7 Hollywood Pirates and their Real Life Counterparts

by |September 2, 2011
Categories: Resource

Arrrr, pirates! Romantic, dashing, full of eyeliner and dreadlocks, they have entertained us for so long we tend to forget who the real pirates were. There's more of a chance you'll know the name Jack Sparrow over Edward Teach, or Captain Hook over Christopher Newport. Even hearing the name Dread Pirate Roberts will have you bellowing "You killed my father ... prepare to die!" before you think about Bartholomew Roberts.

Since pirate garb is a time-honored costume theme for Halloween, it's time to cheer for the real pirates behind the dashing Hollywood characters. So break out the rum, host a pirate theme party, and let's celebrate by counting down seven famous pirates created by Hollywood, and a matching real-life pirate.



One of the original pirate characters in literature, Captain Hook is immortalized in Disney as the buffoonish enemy of Peter Pan. Foppish in his wide-rimmed feathered hat, all lace and knee breeches, Hook is more a spoiled brat grown up than a wicked pirate. In the original play by J.M. Barrie, Hook is a bloodthirty-though-handsome man, dressed as a nobleman imitating the likes of King Charles II, and is both intelligent and bookish.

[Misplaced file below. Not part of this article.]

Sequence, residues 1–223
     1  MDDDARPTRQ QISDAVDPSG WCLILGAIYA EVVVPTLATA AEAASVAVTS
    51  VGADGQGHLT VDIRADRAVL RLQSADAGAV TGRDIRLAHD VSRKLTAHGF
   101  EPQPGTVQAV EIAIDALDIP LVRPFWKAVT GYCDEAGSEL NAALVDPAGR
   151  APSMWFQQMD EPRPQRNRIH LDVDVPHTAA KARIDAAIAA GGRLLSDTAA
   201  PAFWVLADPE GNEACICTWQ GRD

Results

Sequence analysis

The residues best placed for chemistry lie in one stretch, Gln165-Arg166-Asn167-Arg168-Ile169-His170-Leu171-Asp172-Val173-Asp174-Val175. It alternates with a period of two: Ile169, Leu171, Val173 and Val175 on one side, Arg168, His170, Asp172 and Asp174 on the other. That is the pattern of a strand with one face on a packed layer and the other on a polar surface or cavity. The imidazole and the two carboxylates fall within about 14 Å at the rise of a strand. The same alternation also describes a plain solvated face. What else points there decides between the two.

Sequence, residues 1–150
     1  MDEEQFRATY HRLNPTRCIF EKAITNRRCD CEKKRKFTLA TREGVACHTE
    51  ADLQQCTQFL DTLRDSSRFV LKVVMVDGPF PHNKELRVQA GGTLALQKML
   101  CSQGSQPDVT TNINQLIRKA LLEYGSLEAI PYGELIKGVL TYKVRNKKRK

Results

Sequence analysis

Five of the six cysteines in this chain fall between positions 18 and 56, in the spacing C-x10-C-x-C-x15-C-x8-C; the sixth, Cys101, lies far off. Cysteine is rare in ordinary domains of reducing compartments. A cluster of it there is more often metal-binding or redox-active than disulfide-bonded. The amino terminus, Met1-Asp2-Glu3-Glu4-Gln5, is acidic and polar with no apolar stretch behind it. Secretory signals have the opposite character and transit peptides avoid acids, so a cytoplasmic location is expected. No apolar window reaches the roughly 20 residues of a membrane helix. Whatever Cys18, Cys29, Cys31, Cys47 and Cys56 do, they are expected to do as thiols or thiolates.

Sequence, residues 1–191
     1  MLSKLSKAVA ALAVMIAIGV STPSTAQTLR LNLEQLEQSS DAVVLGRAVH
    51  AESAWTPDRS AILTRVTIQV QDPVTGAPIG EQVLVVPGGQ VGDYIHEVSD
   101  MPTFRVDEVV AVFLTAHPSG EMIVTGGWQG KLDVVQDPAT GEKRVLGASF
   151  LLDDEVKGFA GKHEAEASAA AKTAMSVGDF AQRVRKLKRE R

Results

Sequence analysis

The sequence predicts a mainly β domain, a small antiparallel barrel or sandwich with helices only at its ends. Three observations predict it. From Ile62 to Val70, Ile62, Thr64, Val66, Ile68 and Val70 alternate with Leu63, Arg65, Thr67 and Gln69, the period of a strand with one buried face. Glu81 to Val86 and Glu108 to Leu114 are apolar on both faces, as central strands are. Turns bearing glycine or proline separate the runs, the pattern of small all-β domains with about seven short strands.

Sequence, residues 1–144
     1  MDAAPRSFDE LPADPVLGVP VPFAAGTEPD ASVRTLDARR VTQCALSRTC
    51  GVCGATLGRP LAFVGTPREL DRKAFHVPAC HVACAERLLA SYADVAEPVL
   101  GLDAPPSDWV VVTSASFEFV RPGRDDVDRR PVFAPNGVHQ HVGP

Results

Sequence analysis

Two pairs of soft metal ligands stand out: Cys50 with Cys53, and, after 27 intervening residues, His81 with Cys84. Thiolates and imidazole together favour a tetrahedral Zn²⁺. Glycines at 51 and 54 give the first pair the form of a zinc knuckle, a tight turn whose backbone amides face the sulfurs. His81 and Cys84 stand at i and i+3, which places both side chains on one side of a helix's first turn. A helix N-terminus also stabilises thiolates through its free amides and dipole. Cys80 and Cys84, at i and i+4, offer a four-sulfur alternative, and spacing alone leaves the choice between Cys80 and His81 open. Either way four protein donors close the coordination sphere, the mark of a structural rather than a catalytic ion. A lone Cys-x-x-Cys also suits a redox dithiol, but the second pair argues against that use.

Though there is no inspirational pirate that created Captain Hook, some historians have pointed to Christopher Newport, a seaman and captain of one of the ships to found Jamestown, the first permanent English settlement in the New World. For 20 years he raided Spanish shipping, and presented the English King James I with baby crocodiles. Of course, he also lost a hand in a battle, and replaced it with ... yup, a hook!


Pirates Hook Newport

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The dashing, swashbuckling pirate archetype we know of today is due to the actor Errol Flynn, who played many Hollywood pirates. Captain Blood was his first, and arguably best pirate film, about a doctor of the same name who is charged with treason and sold into slavery, then purchased in Jamaica by the beautiful daughter of a military commander. During a Spanish raid, he and his fellow slaves escape and begin a daring, adventurous life of piracy.